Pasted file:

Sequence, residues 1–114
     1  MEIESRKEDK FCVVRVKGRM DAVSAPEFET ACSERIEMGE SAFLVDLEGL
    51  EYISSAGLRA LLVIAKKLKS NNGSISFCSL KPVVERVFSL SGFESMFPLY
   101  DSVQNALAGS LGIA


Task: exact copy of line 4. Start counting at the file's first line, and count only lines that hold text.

   101  DSVQNALAGS LGIA